Talk in the Synod Assembly
Vatican City, 15 October 2018 -- Bishop of Ghent (Belgium) Luc Van Looy, SDB was previously a missionary in South Korea (1964-1984), then member of the General Council (Councilor for the Missions, 1984-1990; Councillor for the Youth Ministry, 1990-1996, Vicar of the Rector Major, 1996-2003). His intervention at the 2018 Synod follows:
Good afternoon, dear Holy Father and brothers and sisters, boys and girls.
I would like to speak about the art of accompanying. It is a task for everyday. Great and saintly educators tell us that the basic rule for accompanying young people is to be present in their lives at all times. Rather than seeing this as controlling, it is the way to friendship and trust, to share the life of children and the young. This may sound like a control on their behavior; instead it is the way to friendship and trust, to make them feel free at home with us.
How else would we find out who they are, and what they need? How else would we get to know how they relate to adults, to their peers and to the institutions? How would we prevent them from being lured into circles which would do more harm than good? How would we teach them to stay away from evil? How could we find out what the Spirit of God is telling them? How would they learn from us how to pray?
I think of Jesus as he spent all his time with the disciples. He knew how they related to one another. When they needed help he took them aside for just a while as he did with Peter. For him the disciples and the people were his holy ground.
To have a thorough idea of a person it will be important to get the community involved. In guiding young people we are not alone. Everyone in a community, be it in school, institution or parish, will have a feeling about a young person. Therefore, if for example we need a decision on a vocation, not only the opinion of the professors in the seminary or the superior is important; also the parish priest, the catechists, the cook, the men and women in the community of the candidate should be heard.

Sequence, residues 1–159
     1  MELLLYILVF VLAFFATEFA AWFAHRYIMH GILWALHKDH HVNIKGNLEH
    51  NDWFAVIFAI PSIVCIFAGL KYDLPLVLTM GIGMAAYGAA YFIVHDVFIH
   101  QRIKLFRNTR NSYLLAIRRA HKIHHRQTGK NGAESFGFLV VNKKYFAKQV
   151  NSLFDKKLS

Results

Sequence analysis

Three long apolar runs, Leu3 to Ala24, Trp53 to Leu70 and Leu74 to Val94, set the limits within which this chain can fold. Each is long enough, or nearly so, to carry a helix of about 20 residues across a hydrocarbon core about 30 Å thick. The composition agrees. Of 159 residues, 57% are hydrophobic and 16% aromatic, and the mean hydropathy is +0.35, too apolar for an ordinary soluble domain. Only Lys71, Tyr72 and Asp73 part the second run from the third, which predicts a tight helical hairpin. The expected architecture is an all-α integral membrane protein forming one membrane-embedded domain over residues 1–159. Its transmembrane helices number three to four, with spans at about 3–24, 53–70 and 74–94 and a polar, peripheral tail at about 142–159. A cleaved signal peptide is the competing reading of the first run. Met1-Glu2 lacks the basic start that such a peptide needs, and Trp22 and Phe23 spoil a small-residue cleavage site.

In Belgium I admire educators in schools who welcome the students at the door of the premises every morning. I see them on the playground talking with the students, they are again at the gate when they leave for home. They are simply present at all times. They know their sheep, and the sheep know them, just as Jesus did. I see priests going out to the people all the time; on Sunday they are at the entrance of the church before and after the Eucharist, listening to the faithful and sharing their joys and sorrows. At that moment their place is not in the sacristy.
Accompanying means being present, listening, with open doors and hearts, with a keen and concrete interest; always encouraging and giving hope. An educator who accompanies young people is not just a professional in a counseling room nor a psychologist examining types of behavior; he or she is a friend in the life of a person, ready to walk together….
How could the Shepherd get the smell of the sheep if he is not constantly present among them, and how could the sheep get the smell of the Shepherd if he only shows up in the parlor? If the spiritual director participates in the life of the youngster, just a few short moments of intense sharing will do.
In the end, Jesus became so intimate with his disciples that he washed their feet, he shared with them his body and blood, and he invited them to pray with him when he was suffering."